There is a myriad of productivity playlists of various genres available online and on Spotify as you probably already know.
But with all of this research behind us, we decided to ask some of our team members here in the PeopleGoal office, the type of music and few of their favourite tunes they like to listen to while they work. As a result we composed a (fairly eclectic) PeopleGoal productivity playlist for you. Moreover, we have gathered some tips from some our team members on how to find good music.
"Doing your best work as a developer often involves shutting out all distractions. A good pair of noise-cancelling headphones is the best place to start. I use machine learning and AI to find the best music; I'm not kidding. Spotify's "Discover Weekly" is just that - machine learning based on your past listening. Here's my playlist for this week:
So my process goes like this:
After following this process for about two years I have a long and personally appealing "Best of Discover Weekly" playlist."
“I am a big fan of Music Art Club which plays nice chilled out music. I have also developed a script using the Spotify API to generate a random playlist depanding on the time of the day. The query parameters I am using from the API are:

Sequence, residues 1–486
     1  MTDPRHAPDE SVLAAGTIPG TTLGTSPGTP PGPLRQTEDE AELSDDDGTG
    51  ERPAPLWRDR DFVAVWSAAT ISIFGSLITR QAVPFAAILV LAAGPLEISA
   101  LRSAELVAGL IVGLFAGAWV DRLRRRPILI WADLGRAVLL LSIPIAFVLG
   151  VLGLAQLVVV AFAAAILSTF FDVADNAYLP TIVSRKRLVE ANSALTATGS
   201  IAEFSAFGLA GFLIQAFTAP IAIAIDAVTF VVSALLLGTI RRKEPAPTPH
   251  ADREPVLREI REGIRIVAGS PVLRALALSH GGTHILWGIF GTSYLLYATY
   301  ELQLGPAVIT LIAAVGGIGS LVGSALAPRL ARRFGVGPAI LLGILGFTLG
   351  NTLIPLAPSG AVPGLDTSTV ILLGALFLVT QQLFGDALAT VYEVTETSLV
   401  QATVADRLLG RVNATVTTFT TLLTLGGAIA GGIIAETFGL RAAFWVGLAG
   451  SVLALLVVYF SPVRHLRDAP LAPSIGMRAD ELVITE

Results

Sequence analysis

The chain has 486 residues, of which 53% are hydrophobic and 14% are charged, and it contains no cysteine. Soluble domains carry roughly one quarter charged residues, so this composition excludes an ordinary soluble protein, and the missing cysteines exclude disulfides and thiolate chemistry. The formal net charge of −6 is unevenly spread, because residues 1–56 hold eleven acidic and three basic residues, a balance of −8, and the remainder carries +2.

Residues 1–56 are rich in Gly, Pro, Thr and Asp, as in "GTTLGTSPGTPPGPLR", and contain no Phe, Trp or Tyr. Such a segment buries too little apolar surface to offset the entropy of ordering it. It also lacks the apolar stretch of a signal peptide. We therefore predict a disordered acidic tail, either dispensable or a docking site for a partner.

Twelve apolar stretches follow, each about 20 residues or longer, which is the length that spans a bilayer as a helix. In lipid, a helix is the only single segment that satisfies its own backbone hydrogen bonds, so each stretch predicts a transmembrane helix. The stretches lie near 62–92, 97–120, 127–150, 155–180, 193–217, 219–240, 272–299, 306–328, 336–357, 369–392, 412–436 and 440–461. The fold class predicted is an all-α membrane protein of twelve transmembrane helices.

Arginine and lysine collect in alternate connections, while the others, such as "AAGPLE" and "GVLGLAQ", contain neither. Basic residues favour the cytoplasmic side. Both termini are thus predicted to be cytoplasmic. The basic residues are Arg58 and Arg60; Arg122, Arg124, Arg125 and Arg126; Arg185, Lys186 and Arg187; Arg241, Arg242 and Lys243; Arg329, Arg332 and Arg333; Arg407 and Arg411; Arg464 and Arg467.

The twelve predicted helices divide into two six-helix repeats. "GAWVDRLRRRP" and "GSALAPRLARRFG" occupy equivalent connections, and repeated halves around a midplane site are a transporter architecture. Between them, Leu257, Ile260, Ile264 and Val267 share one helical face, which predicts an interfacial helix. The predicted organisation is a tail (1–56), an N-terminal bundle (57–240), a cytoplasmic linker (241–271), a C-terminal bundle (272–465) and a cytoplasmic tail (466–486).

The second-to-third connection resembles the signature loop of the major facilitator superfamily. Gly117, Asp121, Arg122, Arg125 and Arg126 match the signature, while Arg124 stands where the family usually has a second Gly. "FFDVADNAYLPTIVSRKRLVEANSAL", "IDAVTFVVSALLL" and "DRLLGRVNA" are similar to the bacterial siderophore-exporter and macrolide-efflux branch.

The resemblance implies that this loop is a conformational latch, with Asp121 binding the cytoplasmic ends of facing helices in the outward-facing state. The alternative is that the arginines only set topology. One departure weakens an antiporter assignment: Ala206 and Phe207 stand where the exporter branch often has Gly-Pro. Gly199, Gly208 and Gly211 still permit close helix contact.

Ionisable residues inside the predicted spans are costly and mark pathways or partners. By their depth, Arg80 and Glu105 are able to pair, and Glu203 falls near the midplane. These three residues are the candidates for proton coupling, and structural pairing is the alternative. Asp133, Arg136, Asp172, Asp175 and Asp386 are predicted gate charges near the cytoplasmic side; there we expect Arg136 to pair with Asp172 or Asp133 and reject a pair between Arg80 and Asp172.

I run my script 3 times a day and load the search results back to spotify, I usally go for 50 tracks which I listen in suffle mode. I have create a table below to show which parameters I use for the search depending on the time of the day:
|8:00 AM||0.00 - 0.28||0.67 - 0.90||120 - 160||0.70 - 0.95||0.00 - 0.30|
|11:30AM||0.50 - 0.70||0.40 - 0.60||80 -130||0.60 - 0.95||0.30 - 0.60|
|2:00 PM||0.60 - 1.00||0.30 - 0.70||60 -120||0.50 - 0.90||0.50 - 0.80|
“My walk to work is almost always sound tracked by my Discover Weekly, or one of my mate's playlists. I love that the suggested tracks help me discover a new artist or an old classic I haven't heard in years. In the office I'm usually in and out of calls and meetings so when I sit down to write I like to get a coffee and put on a mood booster. That can be anything from classic funk and soul to pop, indie, hip hop or electro. Otherwise I'll be listening to whoever I have tickets to see that week - our live music scene is one of my favourite reasons to live in Bristol.”
“I like listening to foreign music while I work. I find that listening to songs which have English lyrics makes me become far too engaged with the music and means I can’t focus on my work. Being the philistine that I am, I can’t speak any foreign languages, so listening to foreign language-based music provides me with the perfect alternative. At the moment I really like listening to French music. I prefer listening to alternative Indie stuff, so at the moment that’s where my productivity playlist lies: French indie. How millennial.”